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The letter of submission: avoiding the promotional genre

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2 Author(s)
Shaw, P. ; Sch. of Bus., Aarhus ; Okamura, A.

There is a lot at stake when one submits an article for publication in a journal. The writer risks losing face by having the article rejected, but the writer's employment may also depend on publication. The writer is in a relatively powerless position; the editor who receives the article is in a more powerful position, making a judgement beyond which there is no appeal. The article is accompanied by a letter of submission in a stressful situation that might be expected to call for what V.K. Bhatia (1993) describes as a “promotional letter”. These are letters written by people who hope to get some benefit from the recipient which the recipient is under no obligation to grant, e.g., unsolicited sales letters in business and letters of application. Bhatia characterizes promotional letters as having seven moves, which are listed. In contrast, actual letters of submission are rather short and cool and do not conform to Bhatia's model. The failure of submission letters to match the general “promotional” form that seems to be applicable to the power relations involved raises several questions. Is Bhatia's hypothesis that power relations and the purpose of the letter determine the content simply wrong, or is its operation suspended here by some subcultural convention? And if so, why? We carried out an investigation designed to resolve some of these questions and collected submission letters of four different types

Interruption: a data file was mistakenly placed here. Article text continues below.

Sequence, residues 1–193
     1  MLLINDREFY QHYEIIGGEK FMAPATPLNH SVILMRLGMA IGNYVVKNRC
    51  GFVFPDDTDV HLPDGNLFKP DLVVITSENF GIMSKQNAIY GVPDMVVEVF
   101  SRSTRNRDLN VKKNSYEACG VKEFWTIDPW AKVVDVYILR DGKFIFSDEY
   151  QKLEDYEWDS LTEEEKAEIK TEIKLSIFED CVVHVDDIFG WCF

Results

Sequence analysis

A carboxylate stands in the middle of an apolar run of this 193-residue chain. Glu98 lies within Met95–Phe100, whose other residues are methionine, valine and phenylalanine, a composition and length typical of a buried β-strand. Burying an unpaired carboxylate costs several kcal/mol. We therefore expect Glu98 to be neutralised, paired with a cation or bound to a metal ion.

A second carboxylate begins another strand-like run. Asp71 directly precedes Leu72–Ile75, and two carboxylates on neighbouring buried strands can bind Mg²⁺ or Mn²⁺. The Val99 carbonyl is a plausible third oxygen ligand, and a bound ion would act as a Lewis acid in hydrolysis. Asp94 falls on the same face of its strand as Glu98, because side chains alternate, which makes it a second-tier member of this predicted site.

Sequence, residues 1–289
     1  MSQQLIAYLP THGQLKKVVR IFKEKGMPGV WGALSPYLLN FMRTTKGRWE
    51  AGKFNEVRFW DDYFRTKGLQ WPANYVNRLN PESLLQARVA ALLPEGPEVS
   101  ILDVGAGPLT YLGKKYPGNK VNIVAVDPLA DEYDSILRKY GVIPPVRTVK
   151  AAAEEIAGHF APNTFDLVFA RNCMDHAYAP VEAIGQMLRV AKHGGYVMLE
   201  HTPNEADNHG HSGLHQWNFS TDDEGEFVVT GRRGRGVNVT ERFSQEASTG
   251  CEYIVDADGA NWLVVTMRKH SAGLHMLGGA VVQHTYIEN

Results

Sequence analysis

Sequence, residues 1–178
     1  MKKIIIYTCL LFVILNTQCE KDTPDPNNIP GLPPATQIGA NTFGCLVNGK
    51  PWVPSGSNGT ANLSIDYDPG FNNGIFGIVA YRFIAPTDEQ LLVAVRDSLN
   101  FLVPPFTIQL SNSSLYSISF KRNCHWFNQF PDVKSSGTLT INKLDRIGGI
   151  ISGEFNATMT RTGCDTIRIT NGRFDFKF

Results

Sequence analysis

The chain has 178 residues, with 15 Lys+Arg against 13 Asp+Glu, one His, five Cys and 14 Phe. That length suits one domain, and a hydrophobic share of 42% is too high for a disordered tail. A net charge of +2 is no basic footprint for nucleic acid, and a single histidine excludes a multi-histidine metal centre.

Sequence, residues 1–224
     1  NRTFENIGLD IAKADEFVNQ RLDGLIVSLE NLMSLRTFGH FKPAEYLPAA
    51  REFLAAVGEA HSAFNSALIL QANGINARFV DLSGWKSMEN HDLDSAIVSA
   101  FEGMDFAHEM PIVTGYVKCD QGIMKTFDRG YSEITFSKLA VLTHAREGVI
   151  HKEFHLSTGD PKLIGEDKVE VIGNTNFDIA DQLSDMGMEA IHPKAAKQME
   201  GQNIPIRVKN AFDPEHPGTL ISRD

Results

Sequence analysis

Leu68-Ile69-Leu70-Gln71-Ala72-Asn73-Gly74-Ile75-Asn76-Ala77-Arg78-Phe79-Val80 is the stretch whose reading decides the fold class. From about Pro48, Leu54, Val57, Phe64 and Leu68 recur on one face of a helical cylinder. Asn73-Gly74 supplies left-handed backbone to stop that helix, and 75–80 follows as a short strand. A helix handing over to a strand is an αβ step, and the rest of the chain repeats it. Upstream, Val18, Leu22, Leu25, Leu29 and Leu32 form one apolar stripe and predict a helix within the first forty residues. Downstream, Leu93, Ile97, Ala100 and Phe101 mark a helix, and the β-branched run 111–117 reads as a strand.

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Professional Communication, IEEE Transactions on  (Volume:41 ,  Issue: 4 )